Topics: Democracy / Democratization, Development, Education, Gender, Women, Gender Roles, Gendered Power Relations, Gender Equality/Inequality, Governance, Households, Peacebuilding, Peace Processes, Post-Conflict, Post-Conflict Reconstruction Regions: Africa, Central Africa, East Africa Countries: Rwanda

Year: 2015

Gender Issues During Post-Conflict Recovery: The Case of Nwoya District, Northern Uganda

Citation:

Omona, Julius, and Jennifer Rose Aduo. 2013. “Gender Issues During Post-Conflict Recovery: The Case of Nwoya District, Northern Uganda.” Journal of Gender Studies 22 (2): 119-36.

Authors: Julius Omona, Jennifer Rose Aduo

Abstract:

This study sought to investigate issues arising during the post-conflict recovery period in northern Uganda as differentiated by gender. The study was exploratory and descriptive, employing both qualitative and quantitative approaches, and the theoretical framework of Greenberg and Zuckerman (2004, 2009) predominantly guided it. The key finding was that needs of citizens during recovery varied by gender and the time that had elapsed since the conflict. A plethora of agencies participated in the post-conflict recovery efforts and many challenges affect the mainstreaming of gender issues into these programmes, especially in a patriarchal society such as the study area. In practical terms, during post-conflict recovery efforts, all stakeholders need to effectively consider analysis of need by gender in their programmes if sustainable PC-PPP (post-conflict, peace, participation and prosperity) is to be realised. This research has contributed to the continuous debate on, and search for, a gender-sensitive post-conflict recovery theory.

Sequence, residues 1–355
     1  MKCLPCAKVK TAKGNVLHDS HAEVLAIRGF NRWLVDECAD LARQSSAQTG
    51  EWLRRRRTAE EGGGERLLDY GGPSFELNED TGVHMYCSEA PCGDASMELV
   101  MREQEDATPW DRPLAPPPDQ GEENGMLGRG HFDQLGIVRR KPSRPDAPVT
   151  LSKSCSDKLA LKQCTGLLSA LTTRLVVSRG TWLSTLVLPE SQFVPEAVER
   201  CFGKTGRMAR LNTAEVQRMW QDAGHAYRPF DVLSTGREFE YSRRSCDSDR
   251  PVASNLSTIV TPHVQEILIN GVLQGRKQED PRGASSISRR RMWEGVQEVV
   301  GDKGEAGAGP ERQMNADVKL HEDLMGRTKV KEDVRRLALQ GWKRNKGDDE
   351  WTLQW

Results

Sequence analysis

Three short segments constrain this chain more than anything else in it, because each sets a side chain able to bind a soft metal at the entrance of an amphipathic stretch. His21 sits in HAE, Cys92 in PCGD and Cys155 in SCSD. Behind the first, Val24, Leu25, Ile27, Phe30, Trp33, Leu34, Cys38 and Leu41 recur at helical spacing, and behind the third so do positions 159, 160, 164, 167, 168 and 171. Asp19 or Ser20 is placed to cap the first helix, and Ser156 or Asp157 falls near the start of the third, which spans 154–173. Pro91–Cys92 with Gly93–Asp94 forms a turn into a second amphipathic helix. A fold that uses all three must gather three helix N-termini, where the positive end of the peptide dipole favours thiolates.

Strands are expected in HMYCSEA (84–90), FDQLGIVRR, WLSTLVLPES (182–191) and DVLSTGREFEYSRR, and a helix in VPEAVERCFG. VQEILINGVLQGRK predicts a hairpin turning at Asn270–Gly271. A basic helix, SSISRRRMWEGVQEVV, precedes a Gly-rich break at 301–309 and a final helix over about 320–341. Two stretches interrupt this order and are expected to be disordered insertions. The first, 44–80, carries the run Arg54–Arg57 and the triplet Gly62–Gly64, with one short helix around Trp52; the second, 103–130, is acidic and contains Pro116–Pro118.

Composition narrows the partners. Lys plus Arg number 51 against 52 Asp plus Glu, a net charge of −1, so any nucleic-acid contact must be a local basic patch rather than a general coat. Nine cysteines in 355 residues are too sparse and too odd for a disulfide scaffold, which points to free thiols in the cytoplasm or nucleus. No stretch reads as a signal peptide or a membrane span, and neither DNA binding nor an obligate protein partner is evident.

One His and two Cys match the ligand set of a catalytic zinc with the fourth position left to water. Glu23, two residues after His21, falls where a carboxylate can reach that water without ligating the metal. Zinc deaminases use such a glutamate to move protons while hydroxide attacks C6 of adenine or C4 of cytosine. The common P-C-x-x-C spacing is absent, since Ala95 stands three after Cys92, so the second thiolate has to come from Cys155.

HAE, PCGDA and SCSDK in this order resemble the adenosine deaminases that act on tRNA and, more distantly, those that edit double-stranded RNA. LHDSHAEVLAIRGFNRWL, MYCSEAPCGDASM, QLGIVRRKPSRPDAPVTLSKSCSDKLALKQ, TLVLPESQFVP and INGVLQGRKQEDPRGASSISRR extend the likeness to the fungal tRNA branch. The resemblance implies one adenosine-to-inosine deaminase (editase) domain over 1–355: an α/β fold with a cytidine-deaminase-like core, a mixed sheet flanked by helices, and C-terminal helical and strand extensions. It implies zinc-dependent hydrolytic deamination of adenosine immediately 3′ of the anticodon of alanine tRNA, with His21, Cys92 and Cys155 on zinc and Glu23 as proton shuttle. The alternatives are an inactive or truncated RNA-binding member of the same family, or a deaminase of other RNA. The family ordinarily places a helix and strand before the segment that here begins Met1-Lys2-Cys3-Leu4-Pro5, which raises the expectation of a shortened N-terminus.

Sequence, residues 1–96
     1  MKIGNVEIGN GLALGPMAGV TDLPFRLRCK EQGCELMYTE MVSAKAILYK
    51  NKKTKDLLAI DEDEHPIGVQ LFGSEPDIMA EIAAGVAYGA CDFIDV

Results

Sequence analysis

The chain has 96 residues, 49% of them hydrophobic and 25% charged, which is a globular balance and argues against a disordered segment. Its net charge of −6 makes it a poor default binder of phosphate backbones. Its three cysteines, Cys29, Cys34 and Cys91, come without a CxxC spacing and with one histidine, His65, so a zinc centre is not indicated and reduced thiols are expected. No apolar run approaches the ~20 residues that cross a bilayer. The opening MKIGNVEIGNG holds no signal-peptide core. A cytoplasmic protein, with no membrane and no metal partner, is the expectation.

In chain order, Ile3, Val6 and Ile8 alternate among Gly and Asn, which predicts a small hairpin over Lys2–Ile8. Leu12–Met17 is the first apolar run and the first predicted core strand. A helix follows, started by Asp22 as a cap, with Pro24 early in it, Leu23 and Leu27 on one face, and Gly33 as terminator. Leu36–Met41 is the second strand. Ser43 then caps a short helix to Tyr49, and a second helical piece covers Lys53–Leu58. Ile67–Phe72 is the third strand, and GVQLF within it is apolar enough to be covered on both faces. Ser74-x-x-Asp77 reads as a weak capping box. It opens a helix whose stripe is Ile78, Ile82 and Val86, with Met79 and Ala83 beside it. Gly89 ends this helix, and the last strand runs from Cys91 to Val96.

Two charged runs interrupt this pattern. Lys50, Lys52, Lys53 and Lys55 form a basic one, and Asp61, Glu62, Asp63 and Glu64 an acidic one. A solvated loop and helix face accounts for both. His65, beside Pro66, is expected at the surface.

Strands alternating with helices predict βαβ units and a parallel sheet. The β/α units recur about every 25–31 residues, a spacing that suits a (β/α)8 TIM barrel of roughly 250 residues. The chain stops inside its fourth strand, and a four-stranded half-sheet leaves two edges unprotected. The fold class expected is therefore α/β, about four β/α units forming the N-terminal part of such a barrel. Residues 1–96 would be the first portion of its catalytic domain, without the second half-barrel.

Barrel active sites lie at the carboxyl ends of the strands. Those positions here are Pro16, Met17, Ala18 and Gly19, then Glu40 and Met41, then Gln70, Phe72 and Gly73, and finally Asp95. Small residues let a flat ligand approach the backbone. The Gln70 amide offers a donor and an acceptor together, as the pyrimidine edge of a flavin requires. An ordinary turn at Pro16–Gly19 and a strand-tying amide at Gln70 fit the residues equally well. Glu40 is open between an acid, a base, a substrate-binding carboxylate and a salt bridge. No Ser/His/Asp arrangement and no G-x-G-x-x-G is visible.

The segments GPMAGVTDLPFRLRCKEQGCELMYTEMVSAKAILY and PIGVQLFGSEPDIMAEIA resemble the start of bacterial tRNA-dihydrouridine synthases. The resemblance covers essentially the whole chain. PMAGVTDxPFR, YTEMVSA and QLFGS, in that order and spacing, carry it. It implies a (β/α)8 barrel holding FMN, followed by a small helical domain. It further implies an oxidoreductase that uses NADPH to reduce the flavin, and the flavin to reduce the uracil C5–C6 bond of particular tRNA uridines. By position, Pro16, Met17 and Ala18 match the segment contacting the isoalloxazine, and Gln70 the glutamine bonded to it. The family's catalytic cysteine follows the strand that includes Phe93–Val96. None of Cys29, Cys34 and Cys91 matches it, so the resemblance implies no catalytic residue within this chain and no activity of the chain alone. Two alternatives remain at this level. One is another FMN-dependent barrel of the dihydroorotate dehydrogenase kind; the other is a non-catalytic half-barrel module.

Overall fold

Keywords: gender, needs, post-conflict, internally displaced persons, returnees, Uganda

Topics: Gender, Gender Mainstreaming, Peacebuilding, Post-Conflict, Post-Conflict Reconstruction Regions: Africa, East Africa Countries: Uganda

Year: 2013

Women's Entrepreneurship and Intimate Partner Violence: A Cluster Randomized Trial of Microenterprise Assistance and Partner Participation in Post-Conflict Uganda

Citation:

Green, Eric P., Christopher Blattman, Julian Jamison, and Jeannie Annan. 2015. “Women's Entrepreneurship and Intimate Partner Violence: A Cluster Randomized Trial of Microenterprise Assistance and Partner Participation in Post-Conflict Uganda.” Social Science & Medicine 133: 177-88.

Authors: Eric P. Green, Christopher Blattman, Julian Jamison, Jeannie Annan

Abstract: